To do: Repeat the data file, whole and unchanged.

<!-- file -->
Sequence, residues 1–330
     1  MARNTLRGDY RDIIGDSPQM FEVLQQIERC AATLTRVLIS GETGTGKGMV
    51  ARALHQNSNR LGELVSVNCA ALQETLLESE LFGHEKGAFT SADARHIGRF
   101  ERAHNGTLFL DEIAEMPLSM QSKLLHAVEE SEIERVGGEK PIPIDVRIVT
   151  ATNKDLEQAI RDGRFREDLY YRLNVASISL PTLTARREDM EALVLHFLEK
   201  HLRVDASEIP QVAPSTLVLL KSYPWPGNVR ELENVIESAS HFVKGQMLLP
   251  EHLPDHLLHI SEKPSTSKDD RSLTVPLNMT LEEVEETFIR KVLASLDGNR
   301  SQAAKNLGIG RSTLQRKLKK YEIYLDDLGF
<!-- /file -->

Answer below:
Sequence, residues 1–330
     1  MARNTLRGDY RDIIGDSPQM FEVLQQIERC AATLTRVLIS GETGTGKGMV
    51  ARALHQNSNR LGELVSVNCA ALQETLLESE LFGHEKGAFT SADARHIGRF
   101  ERAHNGTLFL DEIAEMPLSM QSKLLHAVEE SEIERVGGEK PIPIDVRIVT
   151  ATNKDLEQAI RDGRFREDLY YRLNVASISL PTLTARREDM EALVLHFLEK
   201  HLRVDASEIP QVAPSTLVLL KSYPWPGNVR ELENVIESAS HFVKGQMLLP
   251  EHLPDHLLHI SEKPSTSKDD RSLTVPLNMT LEEVEETFIR KVLASLDGNR
   301  SQAAKNLGIG RSTLQRKLKK YEIYLDDLGF